Tidal Pools and Sandbanks

Tidal Pools and Sandbanks

Cleveleys beach, and indeed any beach anywhere in the UK, is a place to respect and where you should take care for your own safety while enjoying the wonderful environment.

In recent weeks, there have been several near-miss strandings on sandbanks – where the incoming tide completely cuts off a high sandbank leaving people with no choice but to wade through very deep and fast moving water to reach safety.

One day in June, a fisherman made a couple of bad choices when leaving a sandbank where he’d become trapped and ended up in water to his neck, exhausted and struggling to get out of the sea. But for the help of nearby people who had seen and helped him onto the rock groyne, he could have had a very different conclusion to his adventure which in any case included four police cars, the coastguard and deployment of the RNLI.

A month or so ago a gentleman had become trapped in mud and again the Coastguard had to rescue him to safety as he was completely stuck up to his knees.

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This week a beach walker has been in touch with this message:

“There is a very dangerous tidal pool alongside the first breakwater north of the automatic surface water discharge point in front of Rossall School. Our dog jumped in the pool a couple of day s go, and became trapped, I went to try and help him out and sank in up to my thighs. I eventually managed to reach him by lying full length over the sand.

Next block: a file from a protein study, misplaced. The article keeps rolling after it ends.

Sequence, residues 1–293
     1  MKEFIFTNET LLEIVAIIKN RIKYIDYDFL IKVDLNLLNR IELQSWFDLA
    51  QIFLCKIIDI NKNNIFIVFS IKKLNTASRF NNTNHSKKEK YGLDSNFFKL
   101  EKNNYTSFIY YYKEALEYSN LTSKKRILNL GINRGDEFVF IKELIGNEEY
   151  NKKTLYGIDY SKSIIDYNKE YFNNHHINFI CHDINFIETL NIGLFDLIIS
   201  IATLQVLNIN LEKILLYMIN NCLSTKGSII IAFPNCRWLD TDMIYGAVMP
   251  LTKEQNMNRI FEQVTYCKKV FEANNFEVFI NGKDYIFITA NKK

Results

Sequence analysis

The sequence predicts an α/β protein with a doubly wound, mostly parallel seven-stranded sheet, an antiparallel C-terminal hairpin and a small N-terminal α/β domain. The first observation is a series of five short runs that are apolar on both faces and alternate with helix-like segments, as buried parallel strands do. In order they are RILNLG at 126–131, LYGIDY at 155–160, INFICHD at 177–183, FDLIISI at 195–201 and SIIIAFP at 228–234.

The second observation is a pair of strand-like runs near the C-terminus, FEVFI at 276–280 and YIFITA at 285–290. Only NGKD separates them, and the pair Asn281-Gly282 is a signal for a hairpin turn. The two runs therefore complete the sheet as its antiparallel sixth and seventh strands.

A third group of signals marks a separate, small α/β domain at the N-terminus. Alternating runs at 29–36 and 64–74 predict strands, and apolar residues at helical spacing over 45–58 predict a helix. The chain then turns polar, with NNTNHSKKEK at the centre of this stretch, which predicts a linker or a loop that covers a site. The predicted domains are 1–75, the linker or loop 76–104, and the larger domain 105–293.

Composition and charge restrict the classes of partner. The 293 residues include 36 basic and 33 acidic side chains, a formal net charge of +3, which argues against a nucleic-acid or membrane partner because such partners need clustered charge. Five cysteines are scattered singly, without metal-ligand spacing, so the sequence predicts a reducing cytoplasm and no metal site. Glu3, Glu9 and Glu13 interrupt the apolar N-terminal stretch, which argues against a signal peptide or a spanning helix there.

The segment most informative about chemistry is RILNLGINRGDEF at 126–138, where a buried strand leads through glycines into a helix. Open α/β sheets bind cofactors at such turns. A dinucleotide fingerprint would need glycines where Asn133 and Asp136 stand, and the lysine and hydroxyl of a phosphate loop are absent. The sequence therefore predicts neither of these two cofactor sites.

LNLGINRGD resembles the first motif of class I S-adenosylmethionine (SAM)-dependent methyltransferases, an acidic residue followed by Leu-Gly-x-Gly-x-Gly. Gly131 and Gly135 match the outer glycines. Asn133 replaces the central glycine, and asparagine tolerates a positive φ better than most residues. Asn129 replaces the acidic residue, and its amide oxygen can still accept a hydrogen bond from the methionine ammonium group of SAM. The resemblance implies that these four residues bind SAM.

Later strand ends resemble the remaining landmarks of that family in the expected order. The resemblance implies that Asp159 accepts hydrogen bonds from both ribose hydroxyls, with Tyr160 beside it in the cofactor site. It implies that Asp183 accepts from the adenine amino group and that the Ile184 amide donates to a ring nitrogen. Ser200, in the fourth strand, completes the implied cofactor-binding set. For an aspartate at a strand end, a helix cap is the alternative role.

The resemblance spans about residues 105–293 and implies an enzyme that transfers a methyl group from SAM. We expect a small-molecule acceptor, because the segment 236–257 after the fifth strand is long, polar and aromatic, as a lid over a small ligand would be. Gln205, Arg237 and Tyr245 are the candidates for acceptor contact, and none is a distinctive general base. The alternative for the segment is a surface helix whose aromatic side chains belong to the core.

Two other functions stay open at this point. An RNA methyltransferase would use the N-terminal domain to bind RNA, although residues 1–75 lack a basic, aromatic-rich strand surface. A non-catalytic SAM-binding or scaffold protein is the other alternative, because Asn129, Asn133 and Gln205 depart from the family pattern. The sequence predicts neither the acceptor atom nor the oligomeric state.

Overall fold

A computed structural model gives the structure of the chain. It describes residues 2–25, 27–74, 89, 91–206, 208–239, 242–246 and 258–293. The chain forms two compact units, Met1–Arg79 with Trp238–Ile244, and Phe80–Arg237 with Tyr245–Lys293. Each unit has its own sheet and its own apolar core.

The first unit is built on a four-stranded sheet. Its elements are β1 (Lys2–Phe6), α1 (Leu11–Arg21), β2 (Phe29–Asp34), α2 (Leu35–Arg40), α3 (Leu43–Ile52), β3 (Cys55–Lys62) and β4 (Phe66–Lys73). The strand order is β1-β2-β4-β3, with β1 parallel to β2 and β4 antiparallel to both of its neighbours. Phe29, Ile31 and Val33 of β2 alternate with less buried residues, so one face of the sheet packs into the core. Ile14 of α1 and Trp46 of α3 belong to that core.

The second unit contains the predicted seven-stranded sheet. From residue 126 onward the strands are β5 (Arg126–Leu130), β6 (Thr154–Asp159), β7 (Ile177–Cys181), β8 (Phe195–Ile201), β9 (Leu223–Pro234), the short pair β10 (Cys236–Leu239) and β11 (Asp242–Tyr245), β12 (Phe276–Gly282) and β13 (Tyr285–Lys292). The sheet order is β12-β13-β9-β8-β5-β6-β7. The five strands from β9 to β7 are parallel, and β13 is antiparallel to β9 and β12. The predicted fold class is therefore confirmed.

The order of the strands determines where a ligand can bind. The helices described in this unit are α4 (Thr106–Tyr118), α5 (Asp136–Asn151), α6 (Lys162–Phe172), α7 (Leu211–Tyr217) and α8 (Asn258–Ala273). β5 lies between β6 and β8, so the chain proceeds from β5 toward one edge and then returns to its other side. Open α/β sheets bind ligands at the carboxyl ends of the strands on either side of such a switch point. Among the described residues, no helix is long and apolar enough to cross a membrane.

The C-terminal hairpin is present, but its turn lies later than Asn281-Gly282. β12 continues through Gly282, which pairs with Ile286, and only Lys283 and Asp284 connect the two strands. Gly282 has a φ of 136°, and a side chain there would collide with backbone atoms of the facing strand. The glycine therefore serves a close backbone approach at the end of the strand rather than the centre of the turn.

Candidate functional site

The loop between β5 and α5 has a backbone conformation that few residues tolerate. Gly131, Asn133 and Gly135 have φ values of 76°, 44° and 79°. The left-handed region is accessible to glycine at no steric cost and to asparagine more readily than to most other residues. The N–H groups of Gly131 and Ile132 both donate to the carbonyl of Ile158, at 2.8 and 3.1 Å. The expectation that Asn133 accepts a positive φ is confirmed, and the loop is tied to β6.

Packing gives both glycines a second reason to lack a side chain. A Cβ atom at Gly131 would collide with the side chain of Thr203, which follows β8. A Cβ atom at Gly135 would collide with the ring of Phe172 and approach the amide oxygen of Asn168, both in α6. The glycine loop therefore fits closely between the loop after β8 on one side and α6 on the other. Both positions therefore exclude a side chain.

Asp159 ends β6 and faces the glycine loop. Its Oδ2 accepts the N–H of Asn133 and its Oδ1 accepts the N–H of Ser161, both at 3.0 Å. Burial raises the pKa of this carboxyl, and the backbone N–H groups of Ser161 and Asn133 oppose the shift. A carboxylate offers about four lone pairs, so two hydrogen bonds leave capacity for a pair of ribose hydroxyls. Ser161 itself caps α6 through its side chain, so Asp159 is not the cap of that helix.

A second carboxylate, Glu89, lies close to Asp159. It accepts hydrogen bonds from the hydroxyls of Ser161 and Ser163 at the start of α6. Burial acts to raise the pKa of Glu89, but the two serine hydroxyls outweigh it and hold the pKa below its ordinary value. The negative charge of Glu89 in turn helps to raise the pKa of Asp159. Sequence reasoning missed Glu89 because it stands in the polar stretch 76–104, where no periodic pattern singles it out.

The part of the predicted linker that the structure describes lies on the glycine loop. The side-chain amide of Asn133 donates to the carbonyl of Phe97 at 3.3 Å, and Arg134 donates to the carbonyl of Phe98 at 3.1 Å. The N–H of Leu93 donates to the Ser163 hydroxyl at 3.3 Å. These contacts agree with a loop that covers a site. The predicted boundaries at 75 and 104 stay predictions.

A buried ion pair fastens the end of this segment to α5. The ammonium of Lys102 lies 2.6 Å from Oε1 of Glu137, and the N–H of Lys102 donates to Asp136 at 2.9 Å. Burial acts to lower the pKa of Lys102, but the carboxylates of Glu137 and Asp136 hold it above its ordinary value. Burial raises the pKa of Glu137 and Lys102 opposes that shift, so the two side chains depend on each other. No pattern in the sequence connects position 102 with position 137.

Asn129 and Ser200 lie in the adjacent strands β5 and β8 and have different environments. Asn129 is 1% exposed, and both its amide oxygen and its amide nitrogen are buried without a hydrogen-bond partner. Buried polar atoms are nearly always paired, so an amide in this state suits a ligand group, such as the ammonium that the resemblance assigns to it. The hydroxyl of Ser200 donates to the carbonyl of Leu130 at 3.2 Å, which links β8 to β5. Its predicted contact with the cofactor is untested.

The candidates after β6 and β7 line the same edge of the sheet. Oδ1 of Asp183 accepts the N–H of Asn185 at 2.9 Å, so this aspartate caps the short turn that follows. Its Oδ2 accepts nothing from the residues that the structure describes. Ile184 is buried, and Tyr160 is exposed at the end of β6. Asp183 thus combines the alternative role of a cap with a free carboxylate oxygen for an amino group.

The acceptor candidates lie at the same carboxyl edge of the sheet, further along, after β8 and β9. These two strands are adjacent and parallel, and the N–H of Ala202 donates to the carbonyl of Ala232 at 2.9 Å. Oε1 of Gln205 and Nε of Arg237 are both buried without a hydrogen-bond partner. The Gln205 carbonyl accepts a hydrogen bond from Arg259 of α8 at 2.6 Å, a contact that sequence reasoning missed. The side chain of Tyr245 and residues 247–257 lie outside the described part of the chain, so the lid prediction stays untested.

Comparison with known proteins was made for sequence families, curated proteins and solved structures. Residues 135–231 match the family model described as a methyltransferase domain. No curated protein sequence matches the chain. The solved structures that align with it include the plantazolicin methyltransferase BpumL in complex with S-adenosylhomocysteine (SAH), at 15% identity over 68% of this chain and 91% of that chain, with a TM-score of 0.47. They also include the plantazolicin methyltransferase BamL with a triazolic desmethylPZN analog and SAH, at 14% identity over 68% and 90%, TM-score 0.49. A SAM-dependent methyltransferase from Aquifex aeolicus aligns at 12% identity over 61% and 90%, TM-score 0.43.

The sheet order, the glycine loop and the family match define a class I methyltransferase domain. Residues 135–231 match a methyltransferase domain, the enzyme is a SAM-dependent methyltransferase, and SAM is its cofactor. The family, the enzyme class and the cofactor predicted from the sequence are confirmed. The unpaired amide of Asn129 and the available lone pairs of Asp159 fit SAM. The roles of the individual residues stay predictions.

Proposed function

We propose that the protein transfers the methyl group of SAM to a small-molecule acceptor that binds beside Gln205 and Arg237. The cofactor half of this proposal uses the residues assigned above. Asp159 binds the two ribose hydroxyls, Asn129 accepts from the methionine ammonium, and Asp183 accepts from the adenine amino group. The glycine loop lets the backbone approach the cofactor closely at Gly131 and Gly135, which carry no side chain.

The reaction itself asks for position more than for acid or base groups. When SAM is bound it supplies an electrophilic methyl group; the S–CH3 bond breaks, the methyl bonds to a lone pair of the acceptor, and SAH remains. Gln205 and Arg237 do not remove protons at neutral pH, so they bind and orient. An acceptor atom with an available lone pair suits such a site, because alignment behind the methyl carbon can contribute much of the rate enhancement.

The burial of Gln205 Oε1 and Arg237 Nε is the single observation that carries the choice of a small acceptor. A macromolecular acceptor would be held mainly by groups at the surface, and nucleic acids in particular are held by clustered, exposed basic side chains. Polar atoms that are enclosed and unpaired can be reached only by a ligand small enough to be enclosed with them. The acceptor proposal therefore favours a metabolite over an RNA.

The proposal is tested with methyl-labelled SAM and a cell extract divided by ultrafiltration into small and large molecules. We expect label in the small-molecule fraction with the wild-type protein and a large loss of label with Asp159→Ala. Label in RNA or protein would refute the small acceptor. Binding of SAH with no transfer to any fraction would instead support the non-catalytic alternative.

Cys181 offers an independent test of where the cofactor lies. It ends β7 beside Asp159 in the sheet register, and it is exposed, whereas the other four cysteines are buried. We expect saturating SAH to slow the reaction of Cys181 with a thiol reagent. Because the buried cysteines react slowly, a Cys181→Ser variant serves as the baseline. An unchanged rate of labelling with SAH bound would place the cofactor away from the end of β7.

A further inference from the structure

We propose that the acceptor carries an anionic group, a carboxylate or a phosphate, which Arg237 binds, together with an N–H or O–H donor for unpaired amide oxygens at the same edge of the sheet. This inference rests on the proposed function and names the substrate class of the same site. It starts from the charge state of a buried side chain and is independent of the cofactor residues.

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“Today we saw a small boy sink in and become very frightened at the edge of the pool, his mother managed to get him to safety by throwing a dog lead.

“The sand is glutinous, black and foul smelling around it. It looks like any other tidal pool until you get close or should be unfortunate enough to become trapped.”

Please, by all means, come and enjoy the beach, it is a wonderful environment and there for everyone to make the best of in the way that they choose.

But please, please, remember that it is an environment which changes on a daily basis which you should respect – so do not switch off but be very aware of what’s happening around you, where the tide is, is it coming in or going out (you can tell by how wet the beach is) whether you have a safe route back to shore, whether the sand under your feet is stable, how the way ahead looks.

Better to be aware than to be sorry.

 

Sandbanks on Cleveleys beach
Sandbanks on Cleveleys beach, the water comes in from behind you along the channel

Beach rescue at Cleveleys

 

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